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Central venous catheters (CVCs) are becoming increasingly popular in outpatient and inpatient settings to provide long-term venous access. Their benefit is undeniable, but there are consequences and they can be startling. CVCs disrupt skin integrity and therefore leave the epidermis susceptible to fungus and bacteria. Infection may spread to the bloodstream and create organ dysfunction or death.
Nosocomial bloodstream infections prolong hospitalization by a mean of seven days and cost between $3,700 and $29,000 per case.¹
When a patient has a catheter, he or she is at constant risk for catheter-related bloodstream infection (CR-BSI). Factors at play are the catheter type, the frequency of access or manipulation, and the patient’s clinical status.²
CVCs are associated with a greater quantity and seriousness of infection than short peripheral catheters, partly because patients who need CVCs are often sicker, and their catheters are likely to be accessed more often.²
Approximately 90 percent of CR-BSIs occur with CVCs.¹
There is a “tremendous” amount of work being done to decrease CVCs in intensive care units, but there should be more focus on at-risk populations, says Trish Perl, MD, MSc, professor of medicine, pathology and epidemiology at Johns Hopkins Medical University, and an epidemiologist at Johns Hopkins medical institutions in Baltimore. The vulnerable populations she speaks of include dialysis patients, patients with long-term central lines, or who are undergoing chemotherapy. “In some of these groups the bundle may need to be changed and adapted to the risk factors that these patient populations are affected by,” Perl says.
Why Catheters are Dangerous
Forty-eight percent of ICU patients have CVCs, and that adds up to a whopping 15 million CVC days per year in ICUs.¹ Approximately 5.3 central line infections occur per 1,000 catheter days in ICUs, and deaths range from 14,000 to 28,000 per year.¹
How do infectious organisms use catheters to invade the body? When the catheter is inserted, it breaks the skin and this creates a convenient path for organisms to enter the patient’s bloodstream. Skin antisepsis with proper technique can’t eliminate all organisms in the lower layers of the epidermis, and that means the catheter has access to these organisms as it passes through the skin.²
The danger doesn’t stop there. Medication administration, flushing, and tubing or cap changes require catheter manipulation and can introduce microorganisms to the lumen. Hub manipulation is the most common source of infection in long-term catheters but can also spur CR-BSI in short-term catheters.²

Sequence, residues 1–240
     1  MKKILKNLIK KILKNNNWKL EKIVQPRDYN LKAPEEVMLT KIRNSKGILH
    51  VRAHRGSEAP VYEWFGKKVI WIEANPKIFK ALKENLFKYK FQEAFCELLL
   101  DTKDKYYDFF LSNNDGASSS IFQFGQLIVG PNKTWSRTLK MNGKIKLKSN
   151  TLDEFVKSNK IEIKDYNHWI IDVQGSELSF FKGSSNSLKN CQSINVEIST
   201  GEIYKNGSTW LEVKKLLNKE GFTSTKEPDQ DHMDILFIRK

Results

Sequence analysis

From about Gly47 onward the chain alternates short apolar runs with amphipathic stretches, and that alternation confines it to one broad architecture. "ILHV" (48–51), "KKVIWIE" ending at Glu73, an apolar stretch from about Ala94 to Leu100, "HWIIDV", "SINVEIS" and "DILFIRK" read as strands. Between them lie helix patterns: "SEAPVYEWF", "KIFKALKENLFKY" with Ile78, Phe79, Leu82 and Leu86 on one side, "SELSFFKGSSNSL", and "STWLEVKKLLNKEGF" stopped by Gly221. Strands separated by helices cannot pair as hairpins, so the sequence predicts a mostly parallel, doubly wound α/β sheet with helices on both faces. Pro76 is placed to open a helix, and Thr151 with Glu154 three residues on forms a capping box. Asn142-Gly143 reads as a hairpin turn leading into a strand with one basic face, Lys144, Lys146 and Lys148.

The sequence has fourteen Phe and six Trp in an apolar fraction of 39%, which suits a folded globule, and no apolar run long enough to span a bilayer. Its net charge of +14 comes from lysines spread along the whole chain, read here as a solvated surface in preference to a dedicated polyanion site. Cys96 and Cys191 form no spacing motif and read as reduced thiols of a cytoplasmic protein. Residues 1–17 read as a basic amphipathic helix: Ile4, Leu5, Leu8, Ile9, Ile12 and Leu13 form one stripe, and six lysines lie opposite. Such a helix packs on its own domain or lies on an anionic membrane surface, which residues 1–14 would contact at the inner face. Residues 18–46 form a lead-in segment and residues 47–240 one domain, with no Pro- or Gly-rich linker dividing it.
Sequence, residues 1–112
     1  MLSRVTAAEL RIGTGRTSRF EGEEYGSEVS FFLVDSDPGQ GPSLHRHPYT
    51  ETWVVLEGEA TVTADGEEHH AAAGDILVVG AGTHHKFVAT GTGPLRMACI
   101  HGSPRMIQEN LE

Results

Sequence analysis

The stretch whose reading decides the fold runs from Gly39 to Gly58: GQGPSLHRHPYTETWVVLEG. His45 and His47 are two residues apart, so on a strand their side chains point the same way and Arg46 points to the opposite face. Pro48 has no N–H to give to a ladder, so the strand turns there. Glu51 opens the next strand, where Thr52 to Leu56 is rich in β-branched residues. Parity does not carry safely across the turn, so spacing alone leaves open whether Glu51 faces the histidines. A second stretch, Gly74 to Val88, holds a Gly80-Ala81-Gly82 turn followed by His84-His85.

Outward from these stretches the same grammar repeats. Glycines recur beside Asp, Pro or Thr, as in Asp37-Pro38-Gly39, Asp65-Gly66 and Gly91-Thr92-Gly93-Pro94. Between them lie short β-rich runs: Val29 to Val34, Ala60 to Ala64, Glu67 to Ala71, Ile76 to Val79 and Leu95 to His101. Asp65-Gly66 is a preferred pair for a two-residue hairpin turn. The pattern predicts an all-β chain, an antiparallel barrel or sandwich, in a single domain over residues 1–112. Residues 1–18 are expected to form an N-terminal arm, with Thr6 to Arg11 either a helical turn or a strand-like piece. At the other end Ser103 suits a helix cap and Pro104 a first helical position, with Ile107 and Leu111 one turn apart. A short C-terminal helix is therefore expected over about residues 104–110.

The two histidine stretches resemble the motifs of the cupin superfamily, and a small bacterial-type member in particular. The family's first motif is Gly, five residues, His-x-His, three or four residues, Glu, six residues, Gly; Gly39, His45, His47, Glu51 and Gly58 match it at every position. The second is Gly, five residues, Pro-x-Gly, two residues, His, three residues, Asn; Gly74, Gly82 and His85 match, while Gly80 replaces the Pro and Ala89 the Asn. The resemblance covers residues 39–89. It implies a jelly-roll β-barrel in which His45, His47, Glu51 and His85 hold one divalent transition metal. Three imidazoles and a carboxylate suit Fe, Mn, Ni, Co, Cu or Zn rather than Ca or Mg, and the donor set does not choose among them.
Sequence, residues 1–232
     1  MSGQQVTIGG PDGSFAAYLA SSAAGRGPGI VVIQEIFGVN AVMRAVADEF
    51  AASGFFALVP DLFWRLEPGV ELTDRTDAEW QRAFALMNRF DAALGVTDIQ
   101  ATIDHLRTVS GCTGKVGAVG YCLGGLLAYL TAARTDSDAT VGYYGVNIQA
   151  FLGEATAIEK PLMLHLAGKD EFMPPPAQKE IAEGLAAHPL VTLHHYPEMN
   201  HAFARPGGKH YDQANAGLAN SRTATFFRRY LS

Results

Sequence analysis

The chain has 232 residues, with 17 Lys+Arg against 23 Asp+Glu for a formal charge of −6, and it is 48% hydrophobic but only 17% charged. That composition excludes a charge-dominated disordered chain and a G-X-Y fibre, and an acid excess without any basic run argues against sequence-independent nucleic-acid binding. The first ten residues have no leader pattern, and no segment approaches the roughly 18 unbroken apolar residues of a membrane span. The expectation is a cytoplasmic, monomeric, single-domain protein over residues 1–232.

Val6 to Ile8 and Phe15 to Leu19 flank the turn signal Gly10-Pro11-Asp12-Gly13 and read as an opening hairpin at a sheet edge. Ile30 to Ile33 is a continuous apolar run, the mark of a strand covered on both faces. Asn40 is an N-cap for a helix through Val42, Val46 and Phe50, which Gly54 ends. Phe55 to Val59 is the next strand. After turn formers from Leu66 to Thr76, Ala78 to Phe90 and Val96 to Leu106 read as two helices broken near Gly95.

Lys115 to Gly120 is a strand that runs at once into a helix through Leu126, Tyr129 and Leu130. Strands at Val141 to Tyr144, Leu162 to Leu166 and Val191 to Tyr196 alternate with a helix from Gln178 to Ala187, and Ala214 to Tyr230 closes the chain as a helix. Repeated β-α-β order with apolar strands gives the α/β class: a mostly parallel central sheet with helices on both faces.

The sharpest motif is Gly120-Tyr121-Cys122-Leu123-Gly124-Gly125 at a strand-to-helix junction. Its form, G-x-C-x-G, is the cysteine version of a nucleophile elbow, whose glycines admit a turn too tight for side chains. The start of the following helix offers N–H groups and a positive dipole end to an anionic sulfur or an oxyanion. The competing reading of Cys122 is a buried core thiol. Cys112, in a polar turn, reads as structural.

Reducing catheter-related infections is vital, but doing so requires staff members to implement changes. Employees meet these changes with any mix of hope or doubt. Attitude depends on the institution and the people, and whether they think there is even a problem to correct, Perl says. “So you see a myriad of attitudes and these attitudes depend on the safety climate, the leadership and the engagement of leadership and the clinical/medical perception of the problem,” she adds. “Finally, I think that the amount of personal accountability organizations place on healthcare workers affects their perception of the problem and their willingness to participate in solutions.”
The Institute for Healthcare Improvement (IHI)’s 100,000 Lives Campaign seeks to prevent catheter-related bloodstream infections by implementing components of care called the “central line bundle.” The central line bundle is a group of evidence-based interventions that are more effective together than alone. The bundle has five components:
Maximal barrier precautions
Chlorhexidine skin antisepsis
Optimal catheter site selection, with the subclavian vein as the preferred site for non-tunneled catheters
Daily review of line necessity, with prompt removal of unnecessary lines
1. Hand Hygiene
According to the IHI, caregivers tending central lines should wash their hands thoroughly before and after palpating catheter insertion sites; before and after inserting, replacing, accessing, repairing, or dressing an intravascular catheter; when hands are obviously soiled; before and after invasive procedures; between patients; before donning gloves and after removing them, and after using the restroom.
To improve hand hygiene facility wide, it is wise to include hand hygiene as part of a central line placement checklist. Staffs should keep soap or alcohol-based dispensers in convenient areas, and should make certain that personal protective equipment is located near hand sanitation equipment. IHI also advises staffs to post hand hygiene signs for education purposes, and to foster an environment where reminding each other about hand hygiene is encouraged.